Friday, March 26, 2021

A Brief Brush with Somerville painter Adam Adkison


I was fortunate to catch up with Somerville painter Adam Adkison. Originally from the hinterlands of Wyoming --he has found a home in our rich creative hub...

From his website:

Adam Adkison has been drawing and painting for as long as he can remember. One of his first memories was as a 7 year old, digging through crayons or oil pastels from large cabinet drawers at the front of the class, breathing in the heady scent of wax.

Raised in a coal mining town in Wyoming, Adam grew up surrounded the austere beauty of the area. Inspirational places like Adobetown, Castle Rock, and Boar’s Tusk were all within a short distance.

Adam’s work has been called a mixture of realism and impressionism. He tends to steer his work away from feeling like a photograph, preferring to keep brushstrokes visible. He is attracted towards scenes of quiet beauty, finding peace and comfort in them. He works from real life as much as possible, finding that it gives the work more depth and vibrancy.

You were raised in a coal mining town in Wyoming. Now, you are an artist living in Somerville. How has the city been for your creative life?

Coming from a state where there’s about 10 people per square mile to one of the most densely populated cities in the country was a bit of a shock, as you can imagine. It’s been nothing but good here though-- with the Somerville Arts Council, with Open Studios, with Mass Art, the Academy of Realist Art, so many wonderful opportunities to learn and meet some great people.

For me, one of the best events for art has been the Cape Ann Plein Air competition, held every October, although last year was virtual due to the pandemic, of course. But, there’s an event called the quick draw where you get two hours to paint. You pick your spot in a designated location, and with a hundred or so of your new best friends, you summon all your skills and paint your little heart out. Some of the best plein air artists in the region are there, and it’s a delight to be around them while they create these beautiful paintings.

You have been described as both a realist and an impressionist painter. Impressionism is all about light and its transience. How does this play out in your work?

Well, I could get into the technical jargon, talking about lost and found edges and compositional flow, but in the end it’s how I want the viewer to experience the painting. I’m not interested in painting every leaf on the tree, that sounds tedious and dreadfully dull. My goal with a painting is to let the eye move around the canvas in a harmonious way, giving areas of rest for the eye, then areas of rich color and detail to savor. That’s my goal anyway.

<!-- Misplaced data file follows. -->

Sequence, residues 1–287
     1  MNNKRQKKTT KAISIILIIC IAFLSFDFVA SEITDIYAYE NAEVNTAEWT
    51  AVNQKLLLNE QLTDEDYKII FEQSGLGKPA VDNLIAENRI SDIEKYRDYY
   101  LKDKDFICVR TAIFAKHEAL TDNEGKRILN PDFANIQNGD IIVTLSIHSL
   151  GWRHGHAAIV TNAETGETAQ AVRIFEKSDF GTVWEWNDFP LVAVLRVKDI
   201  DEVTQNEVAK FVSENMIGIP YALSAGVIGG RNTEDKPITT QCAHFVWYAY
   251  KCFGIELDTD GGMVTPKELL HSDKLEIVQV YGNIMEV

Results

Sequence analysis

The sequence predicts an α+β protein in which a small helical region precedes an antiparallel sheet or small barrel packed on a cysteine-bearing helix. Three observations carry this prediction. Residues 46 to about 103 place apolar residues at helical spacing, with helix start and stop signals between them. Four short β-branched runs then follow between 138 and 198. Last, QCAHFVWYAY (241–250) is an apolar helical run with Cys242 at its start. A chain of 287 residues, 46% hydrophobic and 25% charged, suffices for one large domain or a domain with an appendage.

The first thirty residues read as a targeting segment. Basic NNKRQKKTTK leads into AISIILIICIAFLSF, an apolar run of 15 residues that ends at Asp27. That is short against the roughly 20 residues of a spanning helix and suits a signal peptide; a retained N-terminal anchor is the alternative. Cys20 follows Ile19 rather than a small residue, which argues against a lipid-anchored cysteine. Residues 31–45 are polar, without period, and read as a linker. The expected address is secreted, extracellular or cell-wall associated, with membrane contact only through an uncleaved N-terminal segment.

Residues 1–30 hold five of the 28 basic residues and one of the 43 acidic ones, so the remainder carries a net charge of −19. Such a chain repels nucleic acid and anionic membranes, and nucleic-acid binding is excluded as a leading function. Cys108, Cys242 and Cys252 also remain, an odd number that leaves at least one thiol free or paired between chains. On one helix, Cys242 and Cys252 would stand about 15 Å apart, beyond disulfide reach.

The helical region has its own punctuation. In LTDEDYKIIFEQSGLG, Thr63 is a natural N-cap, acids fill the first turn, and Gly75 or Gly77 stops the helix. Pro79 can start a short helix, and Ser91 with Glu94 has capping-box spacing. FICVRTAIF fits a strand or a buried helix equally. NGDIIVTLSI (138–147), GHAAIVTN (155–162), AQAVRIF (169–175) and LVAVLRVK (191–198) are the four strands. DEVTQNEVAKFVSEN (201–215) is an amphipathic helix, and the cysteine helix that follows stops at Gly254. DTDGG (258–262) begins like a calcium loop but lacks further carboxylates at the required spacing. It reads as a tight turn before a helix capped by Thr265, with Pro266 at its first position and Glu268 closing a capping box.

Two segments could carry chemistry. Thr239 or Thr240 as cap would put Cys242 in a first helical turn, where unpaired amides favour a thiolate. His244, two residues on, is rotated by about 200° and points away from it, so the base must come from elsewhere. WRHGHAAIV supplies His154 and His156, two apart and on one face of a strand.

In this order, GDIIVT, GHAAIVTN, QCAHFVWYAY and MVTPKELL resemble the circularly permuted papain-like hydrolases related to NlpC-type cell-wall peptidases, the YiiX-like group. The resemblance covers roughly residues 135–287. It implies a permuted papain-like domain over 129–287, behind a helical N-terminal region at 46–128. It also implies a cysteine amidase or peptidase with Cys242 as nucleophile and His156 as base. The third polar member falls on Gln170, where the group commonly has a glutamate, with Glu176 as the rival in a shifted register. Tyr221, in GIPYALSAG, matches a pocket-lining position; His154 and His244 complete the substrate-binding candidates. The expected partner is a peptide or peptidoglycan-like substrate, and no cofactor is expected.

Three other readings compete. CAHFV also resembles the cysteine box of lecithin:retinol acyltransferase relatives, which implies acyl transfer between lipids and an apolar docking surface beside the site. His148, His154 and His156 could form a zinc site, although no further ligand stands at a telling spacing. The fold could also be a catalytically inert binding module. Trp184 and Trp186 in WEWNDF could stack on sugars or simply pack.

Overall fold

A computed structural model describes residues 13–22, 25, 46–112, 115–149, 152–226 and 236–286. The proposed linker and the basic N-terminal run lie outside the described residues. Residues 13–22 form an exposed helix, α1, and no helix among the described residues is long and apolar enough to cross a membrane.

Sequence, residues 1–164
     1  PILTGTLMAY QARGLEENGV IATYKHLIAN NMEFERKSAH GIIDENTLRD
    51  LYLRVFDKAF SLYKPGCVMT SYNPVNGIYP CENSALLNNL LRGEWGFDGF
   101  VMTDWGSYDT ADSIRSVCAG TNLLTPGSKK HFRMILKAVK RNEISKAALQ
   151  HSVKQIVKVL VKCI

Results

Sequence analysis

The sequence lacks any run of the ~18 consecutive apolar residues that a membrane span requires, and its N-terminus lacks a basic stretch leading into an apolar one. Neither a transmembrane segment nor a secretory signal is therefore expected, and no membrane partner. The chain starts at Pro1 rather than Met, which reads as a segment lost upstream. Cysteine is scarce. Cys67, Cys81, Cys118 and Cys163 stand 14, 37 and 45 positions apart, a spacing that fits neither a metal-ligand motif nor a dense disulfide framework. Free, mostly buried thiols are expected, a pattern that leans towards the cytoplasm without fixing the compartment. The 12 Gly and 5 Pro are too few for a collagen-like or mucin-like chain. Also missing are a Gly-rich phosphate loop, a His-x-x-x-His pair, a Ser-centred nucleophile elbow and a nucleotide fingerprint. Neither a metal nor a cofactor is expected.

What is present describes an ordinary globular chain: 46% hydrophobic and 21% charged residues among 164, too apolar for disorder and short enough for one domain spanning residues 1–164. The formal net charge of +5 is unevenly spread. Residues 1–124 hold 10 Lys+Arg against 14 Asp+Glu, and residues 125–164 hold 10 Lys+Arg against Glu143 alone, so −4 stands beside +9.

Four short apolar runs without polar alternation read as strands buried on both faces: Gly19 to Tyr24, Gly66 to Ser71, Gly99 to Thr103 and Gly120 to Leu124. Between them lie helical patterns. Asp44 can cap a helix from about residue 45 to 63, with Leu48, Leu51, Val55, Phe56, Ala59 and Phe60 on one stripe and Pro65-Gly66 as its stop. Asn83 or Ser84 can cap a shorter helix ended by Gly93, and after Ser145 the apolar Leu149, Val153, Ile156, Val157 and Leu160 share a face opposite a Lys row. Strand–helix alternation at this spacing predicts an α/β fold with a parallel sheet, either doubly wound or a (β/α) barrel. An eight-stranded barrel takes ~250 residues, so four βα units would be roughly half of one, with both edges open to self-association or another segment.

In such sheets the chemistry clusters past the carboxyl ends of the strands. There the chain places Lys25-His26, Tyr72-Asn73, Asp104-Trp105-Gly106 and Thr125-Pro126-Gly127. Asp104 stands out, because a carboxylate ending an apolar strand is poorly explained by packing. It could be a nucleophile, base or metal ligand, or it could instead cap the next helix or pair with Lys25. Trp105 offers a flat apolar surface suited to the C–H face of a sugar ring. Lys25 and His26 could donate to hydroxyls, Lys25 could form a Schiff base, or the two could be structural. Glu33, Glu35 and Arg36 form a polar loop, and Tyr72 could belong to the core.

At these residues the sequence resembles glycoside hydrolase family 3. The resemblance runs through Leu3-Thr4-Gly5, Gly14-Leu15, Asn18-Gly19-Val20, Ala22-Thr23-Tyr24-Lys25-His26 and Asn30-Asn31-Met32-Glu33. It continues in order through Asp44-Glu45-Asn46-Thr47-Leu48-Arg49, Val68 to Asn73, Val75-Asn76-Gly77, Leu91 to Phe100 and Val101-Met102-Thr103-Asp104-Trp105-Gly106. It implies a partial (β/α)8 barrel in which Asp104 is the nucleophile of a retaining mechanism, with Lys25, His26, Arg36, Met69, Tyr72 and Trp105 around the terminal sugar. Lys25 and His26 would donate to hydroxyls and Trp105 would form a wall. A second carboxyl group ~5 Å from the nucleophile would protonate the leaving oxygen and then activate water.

You are also a realist painter. How do you define that? Do you ever veer to abstraction?

So, it’s interesting you ask that. I see every painting I do as an abstract painting at its core, because what is abstract work other than large shapes of color? There’s a wonderful article online about the painter Mondrian, where he paints a tree relatively realistic-- early on. As he progresses in his career he breaks it down into simpler and simpler shapes.

When I start a painting that’s what I see, are the large shapes of my subject. The barn isn’t windows, doors and a weathervane, just a red block to start. After I get the blueprint down then the details come in.

What do your subjects tend to be?

It really depends on the season. From spring to fall I like to be outdoors. The Arboretum offers an endless supply of inspiration for me, so many hidden spots. I love older architecture, something this area is rich in. Figurative and portrait work is another area I keep returning to. The human face is a wonderful challenge, our brain can unconsciously tell if a portrait looks like the person or not.

In the winter I turn to still life, antiques, flowers, pottery, fruit, self portraits, anything I can work from real life. That’s the thing about being an artist, you get to spend hours studying cool things.

Where did you train? Any major influences to speak of?

While getting my accounting degree I took every art course I could. Drawing, painting, pastel, whatever was offered. When I moved out here I started taking workshops and classes. The amazing watercolorist Wendy Artin (whose show just ended at the Gurari gallery) was an excellent teacher and I’m constantly inspired by her work.

Going through the MFA it’s hard not to be inspired by the Sargents, the Monets, the beautiful Rembrandt paintings we have here. There is one painting at the Harvard art museum of Rembrant’s, an old man, that is so rich in character and emotion I get speechless thinking about it, there are no words.

One of your paintings I noticed was a painting of Central Square, Cambridge. It seemed like a dreamscape--a misty memory. How do you achieve this affect?

I really wanted to give that rainy, misty day feel and watercolors are perfectly suited for this type of painting. Wetting the canvas, letting the color disperse, it’s a bit up to the canvas what happens, but that’s the magic of it and where the fun is, really.

How has the Pandemic affected you and your work?

Good question. Obviously I haven’t done as much work outdoors. I’d say there’s been more introspection, my paintings have been a little quieter, a little calmer. There’s been some teaching gigs that have fallen through. I was supposed to be over in Morocco next month teaching a 9 day watercolor course which of course didn’t happen. But it is what it is, grateful for the vaccines and to everyone who wear masks and social distance to keep others safe, along with the front line workers.

What is in the works now?

Getting ready for more outdoor painting! Priming canvases, making sure all my gear is in check. I went out for the first time last week, and it was embarrassing how rusty I was, so getting everything running smoothly again is the key right now.